Monday, 8 June 2020
I am working on completing a package of liturgical resources for priests and readers to use in my diocese when our churches begin to open again for public worship on Sunday 5 July.
In my search for appropriate readings, hymns, prayers and other resources, I am challenged by trying to keep a balance between rejoicing at our church buildings opening again, the sufferings of many families and communities in recent months, and the anxieties people hold for the future.
It is the role of a priest to teach people how to pray. It is an easier task to teach people to bring their needs before God in prayer or to pray giving thanks for the blessings they know they have received in life.
It is a more difficult task to teach people to pray for the needs of others, or to give thanks for the blessings that others receive when there is no obvious benefit or ‘pay-off’ for the person who is praying.
And, indeed, it is much more difficult to pray for our needs, when we know those needs are never going to be met, or to pray in words of thanksgiving when we have nothing, when everything is slipping away, as a victim, as an oppressed person, as someone who has fallen, who is forgotten or who is deemed by others as not worth caring for.
In a similar way, it is easy for white people to assent to the demands of black protesters when we share emotional and righteous anger at the wilful killing of a man on the streets or the racist response of President Trump to protesters, especially when he abuses the Bible and a church building for a blasphemous photo-opportunity.
It is more difficult for white people to understand the underlying rage that finds expression in daubing or tumbling monuments and statues on city streets. But as long as we decide how and when to measure out our sympathy and support, then we keep deciding that white people ought to be in control.
We have all heard jokes about Victorian charities for the ‘deserving poor,’ as though poverty still allowed society to discriminate. It is not good enough for white people to say ‘Black Lives Matter’ but qualify this by saying things such as ‘… as long as they protest in ways that are acceptable to me’ or ‘… and of course, all lives matter.’
Institutionalised and systemic racism will not be eradicated until all white people accept that the answer cannot be found in waiting while white people are allowed to negotiate the terms on which it is eradicated.
Once again, in my prayers this morning, as I was using the Jewish prayer book Service of the Heart, edited by Rabbi John D Rayner and Rabbi Chaim Stern, I found myself turning once again to the section on the theme of justice, and reading a poem by William Blake (1757-1827) that touches on many of these problems.
In this poem, which i have used many times before, William Blake writes about ease in prayer that often comes with everyday indifference to the poor in Vala or The Four Zoas, ‘Night the Seventh,’ ll. 111-29:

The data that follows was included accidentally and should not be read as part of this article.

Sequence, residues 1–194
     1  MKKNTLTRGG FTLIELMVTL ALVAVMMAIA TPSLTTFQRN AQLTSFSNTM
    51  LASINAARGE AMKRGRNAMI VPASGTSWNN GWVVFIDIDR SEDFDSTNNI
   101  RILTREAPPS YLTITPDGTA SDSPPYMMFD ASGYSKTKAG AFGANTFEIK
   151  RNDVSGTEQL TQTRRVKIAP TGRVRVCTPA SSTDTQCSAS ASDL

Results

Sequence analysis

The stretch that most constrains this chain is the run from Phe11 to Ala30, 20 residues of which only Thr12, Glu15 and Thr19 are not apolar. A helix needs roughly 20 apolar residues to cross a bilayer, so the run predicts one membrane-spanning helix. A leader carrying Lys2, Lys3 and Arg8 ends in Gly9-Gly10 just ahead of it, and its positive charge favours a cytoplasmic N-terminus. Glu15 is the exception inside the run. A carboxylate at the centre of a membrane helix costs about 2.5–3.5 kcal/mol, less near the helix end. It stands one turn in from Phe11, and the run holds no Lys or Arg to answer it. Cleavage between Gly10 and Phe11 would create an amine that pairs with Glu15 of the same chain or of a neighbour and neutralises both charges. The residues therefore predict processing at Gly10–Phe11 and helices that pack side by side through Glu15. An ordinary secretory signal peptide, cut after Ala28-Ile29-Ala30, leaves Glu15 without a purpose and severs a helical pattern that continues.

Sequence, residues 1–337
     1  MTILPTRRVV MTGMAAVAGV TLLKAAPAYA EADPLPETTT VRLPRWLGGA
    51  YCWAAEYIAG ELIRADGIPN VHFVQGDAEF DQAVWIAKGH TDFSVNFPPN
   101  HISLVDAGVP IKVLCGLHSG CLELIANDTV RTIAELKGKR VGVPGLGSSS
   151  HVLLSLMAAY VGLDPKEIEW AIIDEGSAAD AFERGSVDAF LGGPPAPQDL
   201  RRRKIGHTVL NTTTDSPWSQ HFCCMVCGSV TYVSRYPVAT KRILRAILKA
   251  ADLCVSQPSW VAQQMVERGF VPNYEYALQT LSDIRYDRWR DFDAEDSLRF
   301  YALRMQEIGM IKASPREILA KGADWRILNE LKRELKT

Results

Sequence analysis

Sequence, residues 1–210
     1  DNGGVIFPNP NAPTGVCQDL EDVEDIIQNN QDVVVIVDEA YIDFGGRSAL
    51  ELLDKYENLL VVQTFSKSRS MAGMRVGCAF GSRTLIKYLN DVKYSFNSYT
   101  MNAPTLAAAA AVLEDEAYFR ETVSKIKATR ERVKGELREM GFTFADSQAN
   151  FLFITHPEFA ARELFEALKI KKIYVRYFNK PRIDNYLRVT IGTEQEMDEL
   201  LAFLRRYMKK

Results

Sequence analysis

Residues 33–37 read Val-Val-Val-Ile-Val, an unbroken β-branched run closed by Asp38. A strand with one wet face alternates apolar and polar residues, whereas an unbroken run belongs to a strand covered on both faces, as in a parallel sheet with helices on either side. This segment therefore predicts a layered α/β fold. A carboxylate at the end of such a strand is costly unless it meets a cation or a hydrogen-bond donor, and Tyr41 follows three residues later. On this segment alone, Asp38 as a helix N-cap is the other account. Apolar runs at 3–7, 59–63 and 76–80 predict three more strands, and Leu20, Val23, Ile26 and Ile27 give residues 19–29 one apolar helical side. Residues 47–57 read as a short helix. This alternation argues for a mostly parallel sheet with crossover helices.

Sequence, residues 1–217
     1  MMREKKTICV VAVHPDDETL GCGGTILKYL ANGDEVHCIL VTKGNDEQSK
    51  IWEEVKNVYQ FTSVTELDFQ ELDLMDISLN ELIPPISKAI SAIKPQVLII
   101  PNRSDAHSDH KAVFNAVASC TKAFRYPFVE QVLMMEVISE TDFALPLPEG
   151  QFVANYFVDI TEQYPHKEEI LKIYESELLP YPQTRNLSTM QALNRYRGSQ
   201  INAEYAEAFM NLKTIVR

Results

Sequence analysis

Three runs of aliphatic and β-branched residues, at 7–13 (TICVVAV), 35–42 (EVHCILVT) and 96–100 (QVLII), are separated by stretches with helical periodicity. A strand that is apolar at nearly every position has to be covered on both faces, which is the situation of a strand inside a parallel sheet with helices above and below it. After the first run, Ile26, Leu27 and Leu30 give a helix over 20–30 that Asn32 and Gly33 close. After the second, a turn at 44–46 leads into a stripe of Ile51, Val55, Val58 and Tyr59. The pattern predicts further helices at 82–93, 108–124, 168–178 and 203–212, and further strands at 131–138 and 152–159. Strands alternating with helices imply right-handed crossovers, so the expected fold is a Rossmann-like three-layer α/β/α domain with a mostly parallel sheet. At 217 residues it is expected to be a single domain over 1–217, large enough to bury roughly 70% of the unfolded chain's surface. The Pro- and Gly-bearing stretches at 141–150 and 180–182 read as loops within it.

It is an easy thing to triumph in the summer’s sun
And in the vintage and to sing on the waggon loaded with corn.
It is an easy thing to talk of patience to the afflicted,
To speak the laws of prudence to the houseless wanderer,
To listen to the hungry raven’s cry in wintry season
When the red blood is fill’d with wine and with the marrow of lambs.
It is an easy thing to laugh at wrathful elements,
To hear the dog howl at the wintry door, the ox in the slaughter house moan;
To see a god on every wind and a blessing on every blast;
To hear sounds of love in the thunder storm that destroys our enemies’ house;
To rejoice in the blight that covers his field, and the sickness that cuts off his children,
While our olive and vine sing and laugh round our door, and our children bring fruits and flowers.
Then the groan and the dolour are quite forgotten, and the slave grinding at the mill,
And the captive in chains, and the poor in the prison, and the soldier in the field
When the shatter’d bone hath laid him groaning among the happier dead.
It is an easy thing to rejoice in the tents of prosperity:
Thus could I sing and thus rejoice: ‘but it is not so with me.’
‘Compel the poor to live upon a crust of bread, by soft mild arts.
Smile when they frown, frown when they smile; and when a man looks pale
With labour and abstinence, say he looks healthy and happy;
And when his children sicken, let them die; there are enough
Born, even too many, and our earth will be overrun
Without these arts. If you would make the poor live with temper,
With pomp give every crust of bread you give; with gracious cunning
Magnify small gifts; reduce the man to want a gift, and then give with pomp.
Say he smiles if you hear him sigh. If pale, say he is ruddy.
Preach temperance: say he is overgorg’d and drowns his wit
In strong drink, though you know that bread and water are all
He can afford. Flatter his wife, pity his children, till we can